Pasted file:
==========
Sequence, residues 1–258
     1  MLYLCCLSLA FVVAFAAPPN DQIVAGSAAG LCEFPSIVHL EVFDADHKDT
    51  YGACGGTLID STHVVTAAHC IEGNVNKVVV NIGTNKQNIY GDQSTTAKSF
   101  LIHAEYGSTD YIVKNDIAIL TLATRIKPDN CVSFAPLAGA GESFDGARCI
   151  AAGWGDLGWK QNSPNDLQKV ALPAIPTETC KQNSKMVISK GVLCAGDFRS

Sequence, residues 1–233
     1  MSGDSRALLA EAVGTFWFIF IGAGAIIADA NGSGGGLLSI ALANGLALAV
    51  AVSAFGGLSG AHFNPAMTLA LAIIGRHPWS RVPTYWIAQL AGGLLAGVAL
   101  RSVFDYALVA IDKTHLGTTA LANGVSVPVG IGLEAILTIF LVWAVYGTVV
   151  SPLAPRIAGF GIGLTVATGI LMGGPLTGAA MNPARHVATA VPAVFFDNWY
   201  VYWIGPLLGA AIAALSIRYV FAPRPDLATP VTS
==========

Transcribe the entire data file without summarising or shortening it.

Sequence, residues 1–258
     1  MLYLCCLSLA FVVAFAAPPN DQIVAGSAAG LCEFPSIVHL EVFDADHKDT
    51  YGACGGTLID STHVVTAAHC IEGNVNKVVV NIGTNKQNIY GDQSTTAKSF
   101  LIHAEYGSTD YIVKNDIAIL TLATRIKPDN CVSFAPLAGA GESFDGARCI
   151  AAGWGDLGWK QNSPNDLQKV ALPAIPTETC KQNSKMVISK GVLCAGDFRS

Sequence, residues 1–233
     1  MSGDSRALLA EAVGTFWFIF IGAGAIIADA NGSGGGLLSI ALANGLALAV
    51  AVSAFGGLSG AHFNPAMTLA LAIIGRHPWS RVPTYWIAQL AGGLLAGVAL
   101  RSVFDYALVA IDKTHLGTTA LANGVSVPVG IGLEAILTIF LVWAVYGTVV
   151  SPLAPRIAGF GIGLTVATGI LMGGPLTGAA MNPARHVATA VPAVFFDNWY
   201  VYWIGPLLGA AIAALSIRYV FAPRPDLATP VTS